Electricity and water make for an interesting toilet session and it used to be such a relaxing place.
while cursing this tasty but boiling hot (not spicy) dish.
One night we walked to Dotonburi one of the districts which is supposed to be like the scene from Blade Runner with lots of people sauntering up and down the streets under big multi-coloured neon lights which gives the street a life and vibrancy to it rather than coming across tacky. Strolling through this area it feels like being adrift in a sea of light and colour bringing a sense of detached observance as no one really speaks English and everywhere looks so similar but different making it difficult to interact and connect with the environment your in as the Japanese tend not to engage foreigners even if looking lost and bewildered.
As Matt and Alex were both feeling worst for wear from the night before I decided to make my way to Osaka Castle. The underground system is easily accessed and simple to understand but having said that I arrived in the general area and had to ask in which direction the actual castle was and trekking round in the humidity with a hangover certainly makes for hard work. Once around the corner the
vision of Osaka Castle managed to spur me on and I made my way to the park it sits in and met my first Japanese person who approached me and spoke English. I immediately went on the backpacker defensive expecting to be sold something and heckled to death but she was very polite and seemed only interested in explaining some of the history of the place with a cursory nod to offering a tour of the place but took no for answer straight of the bat which was good. When visiting sites I tend to just want to look and not be distracted by information with an idea to reading up about a place after.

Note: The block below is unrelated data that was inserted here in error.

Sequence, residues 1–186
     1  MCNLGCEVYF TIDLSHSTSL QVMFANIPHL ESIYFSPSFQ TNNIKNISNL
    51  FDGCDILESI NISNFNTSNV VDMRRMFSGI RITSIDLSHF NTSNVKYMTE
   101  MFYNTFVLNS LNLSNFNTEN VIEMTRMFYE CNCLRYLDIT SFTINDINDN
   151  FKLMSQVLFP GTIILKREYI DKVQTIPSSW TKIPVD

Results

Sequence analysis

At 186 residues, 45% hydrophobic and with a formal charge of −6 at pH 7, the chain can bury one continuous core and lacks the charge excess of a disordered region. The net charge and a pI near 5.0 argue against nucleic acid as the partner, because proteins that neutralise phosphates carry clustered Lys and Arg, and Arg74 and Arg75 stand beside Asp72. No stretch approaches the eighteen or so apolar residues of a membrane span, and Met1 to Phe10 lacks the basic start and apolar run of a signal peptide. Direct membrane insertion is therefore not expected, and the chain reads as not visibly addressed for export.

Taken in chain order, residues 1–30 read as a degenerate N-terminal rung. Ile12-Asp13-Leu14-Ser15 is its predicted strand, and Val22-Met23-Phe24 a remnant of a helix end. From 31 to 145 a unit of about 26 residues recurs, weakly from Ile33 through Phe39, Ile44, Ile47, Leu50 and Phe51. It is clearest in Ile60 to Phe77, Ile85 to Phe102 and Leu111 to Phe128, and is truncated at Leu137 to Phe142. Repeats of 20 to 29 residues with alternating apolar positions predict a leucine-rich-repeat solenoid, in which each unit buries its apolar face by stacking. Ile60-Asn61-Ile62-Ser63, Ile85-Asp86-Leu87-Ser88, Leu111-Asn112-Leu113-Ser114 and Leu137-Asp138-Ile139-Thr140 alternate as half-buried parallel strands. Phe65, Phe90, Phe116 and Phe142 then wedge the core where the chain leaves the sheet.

We spent a little longer here mainly due to partying and having a blow out or in a state of being hung over but still managed to take in some sights like Osaka Castle. Osaka Castle has been hit by lightening, bombed, burned so has had a bit of rough time over the years and today it stands as a concrete reproduction like many of the other Castles around Japan but is still a cool sight to see and a good introduction into typical
Japanese architecture which everyone envisions of ancient Japan no Ninjas though...............damn it.
Osaka was a good introduction to Japan and embodies much of what Japan is, a mix of deep history and tradition behind a modern developing culture. A huge commercial power house which exudes a strong work ethic and when the suits leave the offices around 8 theres a plethora of dishes to suit their every appetite and come morning its back to work and the machine churns ever on.
Next we were off to Tokyo the big capital with the big city and my first ride on the legendary bullet train!